By Gretchen Keiser | Catholic News Service
CONYERS, Ga. (CNS) — If you wish to help build up the kingdom of God, but with the simplest, most hidden path, consider this: Give one hour of prayer before the Blessed Sacrament, one day a week, every week, for your pastor.
“There is nothing more comforting for a pastor or a priest ministering in a parish than to know the parishioners are praying for him,” said Father Juan Areiza, pastor of St. Pius X Parish in Conyers, who receives this support.
“That fills us with strength, that fills us with hope, that fills us also with love for our ministry in the parish,” he said.
People may not realize how powerful prayers for their priest can be, he said, or how necessary.
“We priests need lots of prayer, especially from the people we shepherd. Not just from our parents, not just from our friends who know us well … but from the people we are living with, the people we are giving our lives for.”
In 2010, Janette Howe thought of offering a weekly Holy Hour for her pastor in St. Paul, Minnesota, as she witnessed his pastoral care in a busy parish and also knew he was offering guidance and support to her son who was in the seminary.
Without fanfare, she began spending an hour before the Blessed Sacrament each Thursday solely for the intention of her pastor, Father Joseph R. Johnson, who at the time was rector of the Cathedral of St. Paul.
During one such Holy Hour, in March 2011, the words “seven sisters” came to her mind. She thought about this and gradually discerned with excitement that she was being inspired to expand her once-a-week hour to a daily hour for Father Johnson, if six other women would join her, each praying on a different day of the week.
At that point, she told her pastor of how she’d been praying for him and sought his advice. He directed her to start the apostolate by seeking seven women at each of seven parishes in the St. Paul area, 49 women in all, who would embrace this call to pray one holy hour one day a week for their seven respective pastors.
This was the foundation of the Seven Sisters Apostolate.
Its mission is described as “one Holy Hour/one priest/each week/one heart of prayer.”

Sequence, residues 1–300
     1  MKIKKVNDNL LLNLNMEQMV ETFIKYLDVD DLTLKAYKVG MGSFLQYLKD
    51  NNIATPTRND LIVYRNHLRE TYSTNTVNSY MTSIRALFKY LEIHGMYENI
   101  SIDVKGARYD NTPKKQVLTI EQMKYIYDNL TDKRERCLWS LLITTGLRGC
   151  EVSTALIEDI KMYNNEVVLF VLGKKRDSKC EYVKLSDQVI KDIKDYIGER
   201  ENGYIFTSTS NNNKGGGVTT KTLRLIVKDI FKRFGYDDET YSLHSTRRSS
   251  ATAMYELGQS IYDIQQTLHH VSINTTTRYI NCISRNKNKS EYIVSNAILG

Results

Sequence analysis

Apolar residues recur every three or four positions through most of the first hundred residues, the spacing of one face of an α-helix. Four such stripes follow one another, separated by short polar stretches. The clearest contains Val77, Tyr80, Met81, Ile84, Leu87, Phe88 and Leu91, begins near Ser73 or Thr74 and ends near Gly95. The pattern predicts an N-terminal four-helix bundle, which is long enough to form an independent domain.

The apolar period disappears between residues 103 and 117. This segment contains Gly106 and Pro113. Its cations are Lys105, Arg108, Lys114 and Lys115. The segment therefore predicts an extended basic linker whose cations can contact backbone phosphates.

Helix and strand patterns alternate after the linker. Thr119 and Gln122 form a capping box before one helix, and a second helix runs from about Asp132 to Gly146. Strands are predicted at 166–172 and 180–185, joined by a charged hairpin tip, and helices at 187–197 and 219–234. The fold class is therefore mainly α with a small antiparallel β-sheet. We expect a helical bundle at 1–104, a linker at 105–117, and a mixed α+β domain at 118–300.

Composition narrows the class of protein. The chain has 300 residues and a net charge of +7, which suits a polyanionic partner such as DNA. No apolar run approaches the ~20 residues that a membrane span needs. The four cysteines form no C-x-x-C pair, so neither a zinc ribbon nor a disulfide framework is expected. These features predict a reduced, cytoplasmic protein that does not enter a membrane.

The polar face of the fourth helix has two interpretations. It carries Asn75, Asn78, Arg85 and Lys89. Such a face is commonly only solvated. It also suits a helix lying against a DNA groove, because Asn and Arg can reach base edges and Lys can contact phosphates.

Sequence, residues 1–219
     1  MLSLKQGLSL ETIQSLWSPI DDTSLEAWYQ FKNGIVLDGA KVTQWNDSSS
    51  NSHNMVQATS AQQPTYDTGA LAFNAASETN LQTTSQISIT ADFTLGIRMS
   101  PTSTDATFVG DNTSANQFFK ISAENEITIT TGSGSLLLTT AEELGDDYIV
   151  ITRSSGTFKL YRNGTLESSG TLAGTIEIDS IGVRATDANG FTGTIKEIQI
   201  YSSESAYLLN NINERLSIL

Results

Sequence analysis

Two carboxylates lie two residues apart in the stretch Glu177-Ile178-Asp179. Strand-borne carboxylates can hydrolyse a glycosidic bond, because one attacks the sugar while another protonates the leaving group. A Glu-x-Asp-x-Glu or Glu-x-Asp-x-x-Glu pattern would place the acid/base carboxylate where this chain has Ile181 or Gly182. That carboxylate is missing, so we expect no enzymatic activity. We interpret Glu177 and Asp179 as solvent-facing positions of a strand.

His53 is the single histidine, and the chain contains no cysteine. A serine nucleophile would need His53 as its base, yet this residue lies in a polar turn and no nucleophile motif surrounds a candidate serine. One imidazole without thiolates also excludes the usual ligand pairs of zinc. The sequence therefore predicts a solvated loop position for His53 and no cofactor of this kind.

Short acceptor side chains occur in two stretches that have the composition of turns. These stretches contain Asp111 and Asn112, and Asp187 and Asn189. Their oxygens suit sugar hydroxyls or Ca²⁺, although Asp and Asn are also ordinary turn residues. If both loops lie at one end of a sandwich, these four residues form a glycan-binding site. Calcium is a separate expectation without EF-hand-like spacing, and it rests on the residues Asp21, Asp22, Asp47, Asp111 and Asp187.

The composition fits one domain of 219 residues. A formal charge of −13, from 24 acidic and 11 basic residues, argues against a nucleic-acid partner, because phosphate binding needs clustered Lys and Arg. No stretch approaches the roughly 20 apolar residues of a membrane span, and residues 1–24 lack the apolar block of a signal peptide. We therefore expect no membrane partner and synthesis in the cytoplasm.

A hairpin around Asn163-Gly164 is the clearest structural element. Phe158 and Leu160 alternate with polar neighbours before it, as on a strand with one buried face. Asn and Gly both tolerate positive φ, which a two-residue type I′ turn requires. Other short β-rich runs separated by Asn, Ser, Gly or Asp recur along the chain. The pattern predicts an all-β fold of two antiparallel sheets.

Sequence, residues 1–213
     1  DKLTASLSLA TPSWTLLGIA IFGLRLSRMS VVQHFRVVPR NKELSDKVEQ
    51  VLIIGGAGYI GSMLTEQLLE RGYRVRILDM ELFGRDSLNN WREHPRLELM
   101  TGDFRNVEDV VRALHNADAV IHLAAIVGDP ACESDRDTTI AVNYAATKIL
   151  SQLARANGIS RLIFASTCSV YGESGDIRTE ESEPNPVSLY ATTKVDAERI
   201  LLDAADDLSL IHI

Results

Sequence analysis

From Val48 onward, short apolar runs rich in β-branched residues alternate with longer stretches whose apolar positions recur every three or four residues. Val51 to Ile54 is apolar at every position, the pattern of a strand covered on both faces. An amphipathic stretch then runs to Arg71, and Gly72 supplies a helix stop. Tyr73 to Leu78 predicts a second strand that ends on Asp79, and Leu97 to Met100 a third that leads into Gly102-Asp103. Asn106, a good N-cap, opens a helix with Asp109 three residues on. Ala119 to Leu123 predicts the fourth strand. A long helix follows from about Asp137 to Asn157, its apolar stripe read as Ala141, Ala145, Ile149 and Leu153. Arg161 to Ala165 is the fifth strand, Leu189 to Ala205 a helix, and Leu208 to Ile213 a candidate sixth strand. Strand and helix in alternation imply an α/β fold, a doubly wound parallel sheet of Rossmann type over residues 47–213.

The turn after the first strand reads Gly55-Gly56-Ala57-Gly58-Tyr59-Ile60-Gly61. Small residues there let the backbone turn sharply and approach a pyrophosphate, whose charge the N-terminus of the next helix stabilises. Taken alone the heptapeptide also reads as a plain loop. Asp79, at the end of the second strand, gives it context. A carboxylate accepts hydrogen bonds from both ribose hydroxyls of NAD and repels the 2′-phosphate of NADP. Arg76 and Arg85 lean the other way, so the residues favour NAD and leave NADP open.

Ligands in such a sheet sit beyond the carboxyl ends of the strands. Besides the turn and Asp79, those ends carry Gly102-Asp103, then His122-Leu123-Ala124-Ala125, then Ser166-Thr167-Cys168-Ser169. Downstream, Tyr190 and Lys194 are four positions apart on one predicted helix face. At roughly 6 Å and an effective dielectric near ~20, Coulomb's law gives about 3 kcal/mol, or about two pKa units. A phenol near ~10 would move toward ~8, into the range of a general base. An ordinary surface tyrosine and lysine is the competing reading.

Since June 2011, the apostolate has grown to about 1,350 parishes and Catholic centers across the United States and in Canada, Spain, Italy and other countries.
The woman who forms a Seven Sisters group is called the anchoress. The first group in a parish is formed for the pastor. Once that is established, a second group can be started for the parochial vicar or other priests in residence, but each group has its own anchoress and seven sisters.
Groups also have been started for some bishops and for Pope Francis and retired Pope Benedict XVI.
Father Johnson continues to serve as spiritual adviser to the apostolate, Howe said, and Archbishop Bernard A. Hebda of St. Paul and Minneapolis also encourages the ministry.
Awareness of the apostolate has spread through Catholic media and word of mouth, particularly in Midwest parishes.
In the Archdiocese of Atlanta, there are about eight to 10 groups. Women who have responded say it is because this call resonates in their own prayer lives, in their desire to support a priest’s vocation, in their love for the church and in their attraction to a hidden ministry.
Howe said the response of so many women to the apostolate leads her to the insight that “God has long been preparing hearts to respond to this prayer effort, mine included.”
“Many women express that they have been waiting for something like this to come to their awareness. … Their response is swift, generous and sure,” she said in an email to The Georgia Bulletin, newspaper of the Archdiocese of Atlanta.